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Audit Shows Iowa Agency Delayed Theft Investigation
IOWA CITY, Iowa (AP) Lax oversight at the Iowa Workforce Development agency allowed an employee to embezzle money meant for jobless workers, and the agency responded slowly even after irregularities about her handling of benefits were identified, according to a report released Friday.
State Auditor David Vaudt's report examined issues surrounding the $43,000 theft of unemployment benefits by Linda Pippen, a former IWD employee in Cedar Rapids who was sentenced to four years in federal prison last year for embezzlement and identity theft. The theft received attention because Pippen was a lead plaintiff in a class-action lawsuit alleging Iowa's state government systemically discriminated against black workers for years.
Vaudt said IWD needlessly delayed its internal investigation of Pippen, failed to immediately notify his office of suspected theft as required under Iowa law, and later delayed his investigators' access to information. His report also revealed that an initial police investigation closed without catching Pippen, who was eventually indicted in 2011 on federal charges.
Agency Director Teresa Wahlert issued a statement Friday saying she agreed with the audit's findings. She said the administration of Gov. Terry Branstad, which took office after Pippen's theft, was taking steps to improve integrity in the program.
"Procedures and processes used in the previous administration were not stringent enough to prevent a deceptive practice of fraud," Wahlert said.
Pippen has admitted that she abused her state position to carry out the scheme in 2008 and 2009. When unemployment recipients reported that they had found jobs, Pippen did not cut off their benefits. Instead, she accessed their files in the agency's computer system to show they remained eligible and had their money deposited into debit cards and bank accounts she controlled.
An IWD fraud investigator learned on Nov. 2, 2009, that Pippen had changed the name and direct deposit information on an unemployment recipient's account after the individual had returned to work. The investigator contacted the man, who was able to prove that he did not receive the benefits, and he was told to file a police report about possible identity theft.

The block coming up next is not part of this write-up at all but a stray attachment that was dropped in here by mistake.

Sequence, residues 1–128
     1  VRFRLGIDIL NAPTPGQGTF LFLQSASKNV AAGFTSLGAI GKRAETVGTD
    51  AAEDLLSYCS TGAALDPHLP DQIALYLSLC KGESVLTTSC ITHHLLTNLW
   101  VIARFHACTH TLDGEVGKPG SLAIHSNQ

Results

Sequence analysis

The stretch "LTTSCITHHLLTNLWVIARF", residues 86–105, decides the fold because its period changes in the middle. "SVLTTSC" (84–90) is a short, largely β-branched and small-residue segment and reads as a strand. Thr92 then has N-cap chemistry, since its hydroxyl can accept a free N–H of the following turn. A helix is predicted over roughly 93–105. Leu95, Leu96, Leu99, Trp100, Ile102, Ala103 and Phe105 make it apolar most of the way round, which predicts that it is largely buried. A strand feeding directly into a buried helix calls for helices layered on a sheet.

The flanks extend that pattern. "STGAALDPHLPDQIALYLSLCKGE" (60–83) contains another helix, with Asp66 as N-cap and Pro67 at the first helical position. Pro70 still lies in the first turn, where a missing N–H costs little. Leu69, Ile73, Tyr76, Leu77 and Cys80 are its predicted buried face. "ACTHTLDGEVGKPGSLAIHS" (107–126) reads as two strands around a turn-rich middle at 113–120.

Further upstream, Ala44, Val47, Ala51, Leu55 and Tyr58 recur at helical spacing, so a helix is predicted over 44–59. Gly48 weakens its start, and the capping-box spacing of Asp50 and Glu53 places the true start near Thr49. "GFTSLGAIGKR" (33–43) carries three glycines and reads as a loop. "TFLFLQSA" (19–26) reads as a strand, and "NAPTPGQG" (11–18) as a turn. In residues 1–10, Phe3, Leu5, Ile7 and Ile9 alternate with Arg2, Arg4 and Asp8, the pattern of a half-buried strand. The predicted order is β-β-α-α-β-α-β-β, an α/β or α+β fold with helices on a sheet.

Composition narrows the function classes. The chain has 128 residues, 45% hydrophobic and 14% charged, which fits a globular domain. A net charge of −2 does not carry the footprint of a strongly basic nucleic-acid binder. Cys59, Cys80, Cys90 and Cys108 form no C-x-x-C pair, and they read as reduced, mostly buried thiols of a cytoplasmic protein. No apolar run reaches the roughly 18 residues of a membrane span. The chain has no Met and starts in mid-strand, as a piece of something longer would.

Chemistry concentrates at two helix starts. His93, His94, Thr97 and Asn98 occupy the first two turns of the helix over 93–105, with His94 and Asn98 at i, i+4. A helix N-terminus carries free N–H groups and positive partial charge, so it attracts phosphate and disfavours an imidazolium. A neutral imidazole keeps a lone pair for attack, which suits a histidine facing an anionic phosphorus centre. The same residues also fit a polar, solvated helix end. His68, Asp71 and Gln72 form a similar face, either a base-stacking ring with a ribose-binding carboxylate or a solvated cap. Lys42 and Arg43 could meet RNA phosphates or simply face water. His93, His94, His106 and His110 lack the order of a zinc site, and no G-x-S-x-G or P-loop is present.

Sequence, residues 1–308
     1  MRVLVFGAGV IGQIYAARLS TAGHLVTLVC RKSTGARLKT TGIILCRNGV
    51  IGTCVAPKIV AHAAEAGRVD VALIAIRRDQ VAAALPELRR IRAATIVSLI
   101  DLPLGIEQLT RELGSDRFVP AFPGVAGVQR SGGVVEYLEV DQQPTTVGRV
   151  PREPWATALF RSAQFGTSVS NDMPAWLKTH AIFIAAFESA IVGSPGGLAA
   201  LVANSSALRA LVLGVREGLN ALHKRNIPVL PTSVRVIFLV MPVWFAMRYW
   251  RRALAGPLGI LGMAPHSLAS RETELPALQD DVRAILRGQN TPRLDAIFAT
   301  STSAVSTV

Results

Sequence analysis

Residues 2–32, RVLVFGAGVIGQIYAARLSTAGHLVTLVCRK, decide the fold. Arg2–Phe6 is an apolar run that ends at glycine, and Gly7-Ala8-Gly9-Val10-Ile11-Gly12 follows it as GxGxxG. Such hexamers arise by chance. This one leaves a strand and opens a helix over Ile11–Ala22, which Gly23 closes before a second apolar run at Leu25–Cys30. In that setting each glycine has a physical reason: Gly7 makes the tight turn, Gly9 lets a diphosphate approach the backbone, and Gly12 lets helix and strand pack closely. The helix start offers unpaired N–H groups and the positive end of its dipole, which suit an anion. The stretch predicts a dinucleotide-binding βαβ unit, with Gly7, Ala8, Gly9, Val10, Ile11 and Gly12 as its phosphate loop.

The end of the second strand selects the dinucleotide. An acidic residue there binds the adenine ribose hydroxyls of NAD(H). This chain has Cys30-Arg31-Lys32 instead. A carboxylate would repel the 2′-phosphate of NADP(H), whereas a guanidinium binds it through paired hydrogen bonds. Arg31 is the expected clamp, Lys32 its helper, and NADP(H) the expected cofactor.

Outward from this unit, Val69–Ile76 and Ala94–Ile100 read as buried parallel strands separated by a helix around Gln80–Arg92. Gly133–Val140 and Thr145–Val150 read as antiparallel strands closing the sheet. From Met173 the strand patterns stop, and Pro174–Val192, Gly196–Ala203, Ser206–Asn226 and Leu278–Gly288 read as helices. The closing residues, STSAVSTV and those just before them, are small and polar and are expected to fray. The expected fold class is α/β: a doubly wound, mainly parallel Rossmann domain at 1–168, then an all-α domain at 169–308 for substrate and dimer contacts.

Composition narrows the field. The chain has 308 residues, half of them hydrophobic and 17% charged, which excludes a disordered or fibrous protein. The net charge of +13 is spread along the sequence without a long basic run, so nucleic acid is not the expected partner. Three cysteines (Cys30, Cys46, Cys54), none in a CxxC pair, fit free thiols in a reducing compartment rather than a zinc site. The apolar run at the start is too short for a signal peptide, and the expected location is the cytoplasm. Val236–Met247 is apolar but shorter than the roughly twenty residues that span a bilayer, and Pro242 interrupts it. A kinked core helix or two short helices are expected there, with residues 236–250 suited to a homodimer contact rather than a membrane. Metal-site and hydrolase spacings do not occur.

IWD officials waited nearly three months for the individual to file the police report before starting their investigation, Vaudt wrote, calling the delay unwarranted. Police in Cedar Rapids closed the investigation within a month after being unable to identify the owner of the debit card who deposited the money.
Through "substantial research" and a subpoena issued to the debit card company, IWD eventually learned that the card was held in the name of Pippen's daughter. Pippen was terminated in July 2010.
Vaudt's office wasn't notified of the embezzlement until then, and was then "repeatedly denied access to information" by IWD and did not receive IWD's internal report until December 2010. As a result of those delays, Pippen was prosecuted even before Vaudt's office was able to determine the scope of the problems, Vaudt wrote.
IWD spokeswoman Kerry Koonce said the agency would notify the state auditor sooner in the future. But she said the agency also must inform the U.S. Department of Labor's inspector general since unemployment is a federal program, and that office restricts access to information about its investigations.
Koonce said agency officials also had to figure out first whether the discrepancy was an honest mistake. She said that once officials believed crimes had been committed, they contacted the Iowa Division of Criminal Investigation to investigate. Pippen later told a DCI agent that she created a fake name, "S M Binji," using her daughter's initials and her daughter's boyfriend's name, which she used on one of the unemployment accounts she used to embezzle, the auditor's report said.
Koonce said she believes changes to the agency's procedures mean that a similar theft cannot happen again. She said the agency has severely restricted the number of people who can make changes to accounts, and its computer system now automatically sends letters to recipients informing them of any changes made to their information.